When I heard that Venetia Welby, author of Mother of Darkness, was to be guest author at Bowood‘s monthly literary lunch I knew I wanted to attend. The venue is within walking distance of my home and the book being discussed has so many fascinating themes I couldn’t pass on the opportunity to find out more about how the story came to be created. I was grateful to be granted permission by the organisers to slip into the venue after the ladies attending had finished eating in order that I might listen to Venetia’s talk. This proved to be as interesting as expected.
The following is taken from notes I jotted down on the day. I cannot write fast enough to capture everything that was said but I hope it offers a flavour and is of interest.
Venetia opened by explaining the importance of the setting of her novel – London’s Soho. She loves the stories that come out about the place – of its former decadence. Now its skylines are dominated by cranes as work for Crossrail proceeds. Iconic clubs and other venues have been replaced with chain coffee shops. Her protagonist, Matty, lives in a flat that is based on one Venetia lived in. He feels he was born in the wrong era, hankering after the former velvet jacketed debauchery that was once accepted.
Matty considers his drug dealer to be his only friend. He struggles to deal with reality. There is a novel within the novel as Matty tries to rewrite his past. He considers himself a ladies’ man but treats women badly.
At the beginning of the novel Matty appears to be a lost cause. Venetia wished to explore if he could be brought back from the brink. She read an extract where Matty is considering his surroundings – the house on his street where Sebastian Horsley once lived that bears a plaque, ‘This is not a Brothel’; the classical literature he no longer reads but keeps to impress women; the luxury apartment blocks replacing the Soho he would prefer to live in.
Ventia talked of both Soho and Matty undergoing an identity struggle. In writing Mother of Darkness she wished to explore delusion and madness. Matty sees a therapist whose notes are included in the book. Venetia spoke to three experts as part of her research to ensure these came across as authentic.
The first was her flatmate, an NHS psychiatrist who was working in Soho and studying for exams, including the work of Freud. Matty’s mother died in childbirth and he maternalises girlfriends.
The second person she spoke to explained about the various types of separation issues that form in childhood: secure attachment, anxious attachment, avoidance attachment, chaotic attachment. Matty suffered a domineering father and can’t form a coherent narrative about what happened to him in childhood. His self destructive behaviour is an attempt to protect himself from the world. He tries to remove himself from reality in order to survive reality.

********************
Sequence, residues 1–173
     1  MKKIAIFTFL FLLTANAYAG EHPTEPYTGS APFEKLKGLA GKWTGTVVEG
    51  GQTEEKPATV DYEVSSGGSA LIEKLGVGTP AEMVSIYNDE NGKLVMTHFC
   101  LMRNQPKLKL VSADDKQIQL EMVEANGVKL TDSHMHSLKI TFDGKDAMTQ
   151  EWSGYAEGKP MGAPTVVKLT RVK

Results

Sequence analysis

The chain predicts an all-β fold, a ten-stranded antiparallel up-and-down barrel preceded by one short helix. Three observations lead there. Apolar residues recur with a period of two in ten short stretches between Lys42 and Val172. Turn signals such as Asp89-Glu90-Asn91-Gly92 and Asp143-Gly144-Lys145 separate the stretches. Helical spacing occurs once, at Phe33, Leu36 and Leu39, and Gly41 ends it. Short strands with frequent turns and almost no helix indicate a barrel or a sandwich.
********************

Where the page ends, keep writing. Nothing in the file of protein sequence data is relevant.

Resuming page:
The third person spoken to introduced Venetia to: primordial images or archetypes (Jung wrote that an image is called primordial when it possesses an archaic character that is in striking accord with familiar mythological motifs); the eternal boy and associated narcissism. Matty has dysfunctional relationships with women. He elevates himself to god like status.
Venetia was interested in how, for example, a founder of a cult comes to believe in themselves.
She also looked to her classics education: the stories of Dionysus; the Oresteia trilogy (written by Aeschylus, concerning the murder of Agamemnon by Clytemnestra, the murder of Clytemnestra by Orestes, the trial of Orestes, the end of the curse on the House of Atreus and the pacification of the Erinyes). Matty identifies with Orestes. The internal experiences and slide from reality makes perfect sense to him. By rejecting benevolence and embracing his animal nature, Matty can justify his behaviour. He sees everything through the lens of apocalyptic delusions.
A second reading – from when Sylvie tries to tell Matty she is pregnant – illustrated the world as Matty sees it. He observes the streets of Soho as radioactive and drowning in blood. He believes he will transcend the abyss and that Feracor – whose voice he has been hearing – will save him.
Questions were invited from the audience.
Q: Where did Matty come from?
A: He was skulking in the corner of another story I was writing. There are two types of people – those who party too hard and end up with drug induced psychosis, and those who swap their hard partying life for an alternative obsession such as religion. Dark cults – those who believe they are the next Jesus – display an innate arrogance. I am interested in how they can think this way.
Q: Your book is so relevant for current times, more should read it.
A: Thank you. I think also there is a crisis among young men. Drug use is a part of this.
Venetia was thanked and information shared on upcoming events, including the creative writing workshop detailed below. There was then the opportunity to purchase Mother of Darkness and have it signed by the author.
I was pleased to have the opportunity to speak briefly to Venetia. She is a lovely person and I look forward to chatting to her again at my next literary event – the Republic of Consciousness Winners’ Announcement – which, it turns out, we both plan to attend.
Mother of Darkness is published by Quartet Books
On Tuesday 21 April, Venetia will be running a Creative Writing Workshop at Bowood, specifically designed with beginners in mind. To find out more and book a place click here.